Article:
By definition, an emollient is a substance used to moisturize and soften skin, while a moisturizer is a finished product containing an emollient. In practice, the terms are often used interchangeably.

Unlike the sun protection factor (SPF) rating used for sunscreen, there is no standard measurement used to rate the effectiveness of an emollient for consumers. With that being, emollients are generally evaluated on their ability to extend the time by which water naturally evaporates from the skin, known as the transepidermal water loss (TEWL).

Under normal circumstances, TEWL occurs at a rate of 4 to 8 grams per square meter per hour (g/m2/h). A layer of 5% petrolatum can increase the rate by 50 percent to 75 percent over several hours, according to a 2016 study in the Indian Journal of Dermatology. Other emollients may offer greater or lesser effect.

In addition to emollients, there are other substances used in the manufacture of certain moisturizers. These include humectants such as alpha hydroxy acids, propylene glycol, and aloe vera gel. Rather than trapping water molecules, humectants bond to water molecules and draw them to the stratum corneum.

Another ingredient popularly marketed in skin care products is ceramide. This is waxy lipid found naturally in the stratum corneum that mixes with cholesterol and saturated fatty acids to maintain hydration and prevent infection. While marketed on its own as a special ingredient, ceramide is actually one of several substances used to create an emollient in certain moisturizers.


Dermatologists generally recommend applying an emollient-rich moisturizer one to three times daily if you have psoriasis. For mild psoriasis, apply enough so that it rubs in smoothly and is absorbed 10 to 15 seconds. If absorbed too quickly, the moisturizer is likely too thin.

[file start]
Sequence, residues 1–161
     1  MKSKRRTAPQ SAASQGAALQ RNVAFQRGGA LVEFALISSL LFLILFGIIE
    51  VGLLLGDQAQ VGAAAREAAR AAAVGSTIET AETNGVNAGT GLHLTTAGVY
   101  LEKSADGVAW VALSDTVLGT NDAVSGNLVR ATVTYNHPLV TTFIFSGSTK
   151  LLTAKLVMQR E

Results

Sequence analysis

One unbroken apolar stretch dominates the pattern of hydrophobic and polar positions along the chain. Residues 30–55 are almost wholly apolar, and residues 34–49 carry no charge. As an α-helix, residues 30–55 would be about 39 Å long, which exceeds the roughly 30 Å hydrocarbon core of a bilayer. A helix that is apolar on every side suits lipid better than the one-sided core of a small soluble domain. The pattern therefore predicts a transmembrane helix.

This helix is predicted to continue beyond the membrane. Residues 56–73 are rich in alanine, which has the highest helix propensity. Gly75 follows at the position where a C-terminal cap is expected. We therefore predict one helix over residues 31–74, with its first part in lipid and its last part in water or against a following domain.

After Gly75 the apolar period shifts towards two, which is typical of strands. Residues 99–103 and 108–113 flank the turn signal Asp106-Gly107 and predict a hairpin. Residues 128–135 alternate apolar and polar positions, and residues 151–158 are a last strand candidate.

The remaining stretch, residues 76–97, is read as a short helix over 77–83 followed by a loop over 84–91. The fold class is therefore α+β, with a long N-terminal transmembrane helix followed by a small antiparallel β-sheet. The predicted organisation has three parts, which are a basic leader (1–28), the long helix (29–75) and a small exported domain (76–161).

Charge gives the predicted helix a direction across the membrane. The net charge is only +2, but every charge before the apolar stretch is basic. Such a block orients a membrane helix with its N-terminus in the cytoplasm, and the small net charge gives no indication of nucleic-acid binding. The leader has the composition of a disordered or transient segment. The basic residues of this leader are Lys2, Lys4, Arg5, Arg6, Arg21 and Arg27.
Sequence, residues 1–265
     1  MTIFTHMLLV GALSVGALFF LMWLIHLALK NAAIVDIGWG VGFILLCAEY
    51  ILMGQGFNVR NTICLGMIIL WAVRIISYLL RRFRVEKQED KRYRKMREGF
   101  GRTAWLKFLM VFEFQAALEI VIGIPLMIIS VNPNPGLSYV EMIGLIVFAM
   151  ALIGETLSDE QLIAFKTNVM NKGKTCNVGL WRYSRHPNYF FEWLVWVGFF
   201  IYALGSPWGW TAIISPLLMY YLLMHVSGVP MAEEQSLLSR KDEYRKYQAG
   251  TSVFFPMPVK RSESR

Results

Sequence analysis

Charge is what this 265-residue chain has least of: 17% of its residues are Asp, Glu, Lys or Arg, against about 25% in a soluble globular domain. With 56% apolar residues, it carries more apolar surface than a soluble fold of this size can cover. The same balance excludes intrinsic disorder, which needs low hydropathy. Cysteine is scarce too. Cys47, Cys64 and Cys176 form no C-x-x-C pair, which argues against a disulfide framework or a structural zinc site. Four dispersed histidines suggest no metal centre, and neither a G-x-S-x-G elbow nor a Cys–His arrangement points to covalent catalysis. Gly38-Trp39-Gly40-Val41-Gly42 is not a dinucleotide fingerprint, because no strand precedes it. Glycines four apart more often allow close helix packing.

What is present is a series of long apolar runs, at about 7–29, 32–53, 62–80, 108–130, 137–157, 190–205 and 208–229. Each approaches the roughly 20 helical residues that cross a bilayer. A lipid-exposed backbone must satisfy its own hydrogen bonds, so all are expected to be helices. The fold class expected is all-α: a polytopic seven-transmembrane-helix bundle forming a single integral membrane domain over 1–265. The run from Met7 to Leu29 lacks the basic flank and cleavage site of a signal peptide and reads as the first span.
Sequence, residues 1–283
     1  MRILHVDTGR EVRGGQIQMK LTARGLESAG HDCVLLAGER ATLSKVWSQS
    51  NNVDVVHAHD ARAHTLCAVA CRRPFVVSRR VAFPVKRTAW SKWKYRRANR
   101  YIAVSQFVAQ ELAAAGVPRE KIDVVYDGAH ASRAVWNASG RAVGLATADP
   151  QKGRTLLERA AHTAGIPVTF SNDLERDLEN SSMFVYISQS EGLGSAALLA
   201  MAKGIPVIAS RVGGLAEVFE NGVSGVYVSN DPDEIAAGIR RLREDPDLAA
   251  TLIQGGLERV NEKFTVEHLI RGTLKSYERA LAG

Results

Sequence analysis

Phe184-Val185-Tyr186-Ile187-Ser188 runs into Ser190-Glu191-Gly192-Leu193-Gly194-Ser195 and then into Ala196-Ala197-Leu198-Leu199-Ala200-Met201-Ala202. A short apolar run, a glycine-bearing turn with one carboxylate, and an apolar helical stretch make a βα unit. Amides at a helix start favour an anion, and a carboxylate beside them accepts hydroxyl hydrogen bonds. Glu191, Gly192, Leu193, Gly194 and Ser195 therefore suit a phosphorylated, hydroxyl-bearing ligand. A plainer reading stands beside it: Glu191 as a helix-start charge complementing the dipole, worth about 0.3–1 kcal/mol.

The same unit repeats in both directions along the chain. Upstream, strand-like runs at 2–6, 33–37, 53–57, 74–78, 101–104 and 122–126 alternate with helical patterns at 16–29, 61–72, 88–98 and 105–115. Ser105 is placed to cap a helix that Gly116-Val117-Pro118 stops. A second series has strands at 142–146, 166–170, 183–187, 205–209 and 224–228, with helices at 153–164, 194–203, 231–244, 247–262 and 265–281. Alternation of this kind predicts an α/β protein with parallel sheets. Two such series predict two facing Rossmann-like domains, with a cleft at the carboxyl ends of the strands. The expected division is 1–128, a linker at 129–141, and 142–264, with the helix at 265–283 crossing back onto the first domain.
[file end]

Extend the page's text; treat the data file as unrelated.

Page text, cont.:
For moderate to severe psoriasis, find a thicker moisturizer that takes 15 to 20 seconds to rub in. For facial psoriasis, it is best to use a thicker moisturizer at night and a lighter one during the day.

You may need to apply the moisturizer more frequently if you are exercising, sweating, or swimming. If outdoors, apply a layer of moisturizer to your skin before sunscreen. The same applies if certain topical medications irritate or dry your skin.

If using a moisturizer to treat foot psoriasis, change your socks every time you moisturize. If you don't, moisture can build up, creating a hotbed for a fungal infection.

Don’t stop using the moisturizer once your skin improves. By keeping the skin supple, it is less likely to incur the stress that can trigger an acute flare.

Side Effects

Generally speaking, the emollients used is commercially available moisturizers are safe for use in adults, children, and pregnant women. Problems, if any, tend to be caused by other ingredients, such as solvents, preservatives, fragrances, or additives like vitamin E and essential oils. Some of these may cause an allergic reaction or irritate the skin.

Symptoms may include rash, skin redness, itching, and burning. An over-the-counter hydrocortisone cream can usually help relieve symptoms. If symptoms persist, call your doctor. A systemic allergy or anaphylaxis is extremely rare.

Extra-rich moisturizers intended for the body should not be used on the face. Doing so may block the pores and cause blackheads or acne. If you need a richer moisturizer for your face, ask your dermatologist for advice.

A Word From Verywell

Almost everyone with psoriasis can benefit from using some sort of emollient product, including people with mild, moderate, and severe symptoms. They can help protect the skin, promote healing, and reduce the recurrence of symptoms.

Emollients are rarely used in isolation when treating psoriasis. While they can help ease dryness and itching, they do not treat the underlying inflammation. Other topical and/or oral medications would be needed to bring the disease fully under control.

Was this page helpful?

Article Sources